Reid Wilson, Ph.D. is Associate Clinical Professor of Psychiatry at the UNC School of Medicine and directs the Anxiety Disorders Treatment Center in Durham and Chapel Hill. Dr. Wilson has dedicated his 30-year career to developing self-help strategies for the anxiety disorders. He is the author or co-author of four self-help books, including Don’t Panic: Taking Control of Anxiety Attacks (Harper),Stop Obsessing!: How to Overcome Your Obsessions and Compulsions(Bantam), the newly-releasedAnxious Kids, Anxious Parents: 7 Ways to Stop the Worry Cycle and Raise Courageous and Independent Children (HCI Books), and its free companion e-Book, Playing with Anxiety: Casey’s Guide for Teens and Kids. Dr. Wilson volunteers as the expert for WebMD’s Anxiety & Panic Community. His free self-help website – www.anxieties.com – serves 500,000 visitors per year. He designed and served as lead psychologist for American Airlines’ first national program for the fearful flier. Dr. Wilson served on the Board of Directors of ADAA for 12 years and served as Program Chair of the National Conferences on Anxiety Disorders from 1988-1991. He has offered trainings throughout the world in the treatment of anxiety. Dr. Wilson has received the Jerilyn Ross Clinician Advocate Award for his outstanding advocacy for patient education and care, training, and research.
Description: This workshop will be conducted as something of a detective story. As clinicians we are often presented with clients who may come across at different moments as depressed, hopeful, anxious, giddy, shut-down, fearful, flat, or agitated. How we assess our clients impacts our treatment plan. Working effectively with PTSD, for example, would differ from our approach to treating an individual with social anxiety or depression. Yet even experienced clinicians do not always see eye-to-eye on diagnosis. In this workshop, Eric Youngstrom will illustrate the process of differential diagnosis by inviting us to engage in his gradually unfolding and transparent assessment of a particularly challenging case study. Participants will gain skills in differentiating between different types of mood disorders, why this matters, as well as gaining in familiarity with relevant assessment tools.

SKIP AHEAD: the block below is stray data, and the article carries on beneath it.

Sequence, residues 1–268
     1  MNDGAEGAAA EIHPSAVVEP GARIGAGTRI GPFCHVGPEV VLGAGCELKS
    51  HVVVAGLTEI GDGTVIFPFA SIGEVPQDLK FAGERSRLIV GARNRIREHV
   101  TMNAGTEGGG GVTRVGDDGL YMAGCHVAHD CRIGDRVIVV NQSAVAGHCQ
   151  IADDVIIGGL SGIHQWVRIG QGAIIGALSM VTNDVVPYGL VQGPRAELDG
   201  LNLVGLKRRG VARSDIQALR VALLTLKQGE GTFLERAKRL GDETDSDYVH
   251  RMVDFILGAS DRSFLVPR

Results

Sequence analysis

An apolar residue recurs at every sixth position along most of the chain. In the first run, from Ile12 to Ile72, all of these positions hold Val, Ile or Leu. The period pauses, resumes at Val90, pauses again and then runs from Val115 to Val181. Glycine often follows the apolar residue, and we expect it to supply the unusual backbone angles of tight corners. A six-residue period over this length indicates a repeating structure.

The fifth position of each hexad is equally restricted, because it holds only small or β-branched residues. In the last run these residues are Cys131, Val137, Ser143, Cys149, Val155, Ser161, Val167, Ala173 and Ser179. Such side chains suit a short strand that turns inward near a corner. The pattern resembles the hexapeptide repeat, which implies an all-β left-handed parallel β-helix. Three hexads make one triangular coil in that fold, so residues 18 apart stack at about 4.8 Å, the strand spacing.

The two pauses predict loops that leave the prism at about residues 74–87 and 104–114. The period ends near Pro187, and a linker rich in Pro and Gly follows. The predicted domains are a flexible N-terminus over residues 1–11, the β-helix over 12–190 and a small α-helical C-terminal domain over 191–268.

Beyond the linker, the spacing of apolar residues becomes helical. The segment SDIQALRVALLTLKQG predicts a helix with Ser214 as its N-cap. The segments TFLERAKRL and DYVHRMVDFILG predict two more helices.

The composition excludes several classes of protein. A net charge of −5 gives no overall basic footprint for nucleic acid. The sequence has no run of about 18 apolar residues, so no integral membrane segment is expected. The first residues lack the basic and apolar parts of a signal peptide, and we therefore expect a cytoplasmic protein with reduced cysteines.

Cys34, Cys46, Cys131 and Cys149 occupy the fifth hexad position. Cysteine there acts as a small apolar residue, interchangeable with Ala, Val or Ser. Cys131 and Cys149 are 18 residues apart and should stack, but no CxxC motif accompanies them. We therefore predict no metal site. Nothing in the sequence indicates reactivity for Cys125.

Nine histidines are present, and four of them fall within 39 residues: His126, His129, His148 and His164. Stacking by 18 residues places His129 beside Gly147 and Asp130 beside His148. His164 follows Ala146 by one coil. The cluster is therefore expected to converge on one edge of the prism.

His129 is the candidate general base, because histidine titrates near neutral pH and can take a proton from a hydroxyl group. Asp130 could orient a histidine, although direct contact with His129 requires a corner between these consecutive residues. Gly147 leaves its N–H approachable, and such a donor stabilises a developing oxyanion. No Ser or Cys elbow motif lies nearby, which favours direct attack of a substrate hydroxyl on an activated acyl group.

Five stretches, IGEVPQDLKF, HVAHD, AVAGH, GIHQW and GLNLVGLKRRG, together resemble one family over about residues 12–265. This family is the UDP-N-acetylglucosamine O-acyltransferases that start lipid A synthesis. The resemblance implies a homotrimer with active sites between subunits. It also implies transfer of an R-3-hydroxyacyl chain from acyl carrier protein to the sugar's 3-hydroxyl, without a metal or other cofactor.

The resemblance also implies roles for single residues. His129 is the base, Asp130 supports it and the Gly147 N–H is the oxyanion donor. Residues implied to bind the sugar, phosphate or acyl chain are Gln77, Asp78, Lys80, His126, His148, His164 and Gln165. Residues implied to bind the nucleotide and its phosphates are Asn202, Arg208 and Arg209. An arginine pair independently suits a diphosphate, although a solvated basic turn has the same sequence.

Eric A. Youngstrom, Ph.D. is a licensed psychologist, and Professor of Psychology and Psychiatry at the University of North Carolina at Chapel Hill, where he is also Acting Director of the Center of Excellence for Research and treatment of Bipolar Disorder. He is an extremely engaged researcher – he has published over 200 peer-reviewed articles, reviewed articles for more than 70 scientific journals, and serves on the editorial boards of numerous journals. Much of his research has focused on ways to improve the use of clinical assessment instruments for making better differential diagnoses, predictions about future functioning, or monitoring of treatment progress – particularly with regard to bipolar disorder across the lifespan. Currently, he is the principal investigator on two multi-site studies designed to improve the assessment of bipolar disorder in diverse communities. He has presented his work at scientific meetings around the globe, and has received numerous awards for his research and teaching.
Description: Mental health professionals in the 21st century are more and more likely to encounter clients who desire the integration of spirituality into their therapeutic care. Indeed, our ethical obligation to demonstrate cultural competence extends into the arena of spirituality. While contemporary training programs are increasingly adept at preparing students to navigate spiritual topics, many otherwise well-trained clinicians seek guidance in appreciating broad spiritual traditions and integrating spirituality competently. Furthermore, for students and seasoned therapists alike, there exists a dearth of clinical, supervisory, and consultative opportunities to grapple with this ethereal subject using concrete strategies. This presentation will provide an overview of approaches for the conceptualization, assessment, and integration of spirituality into mental health and wellness care. Through a combination of didactic material, case studies, and experiential exercises, participants will learn integrative practices that can be applied in clinical settings.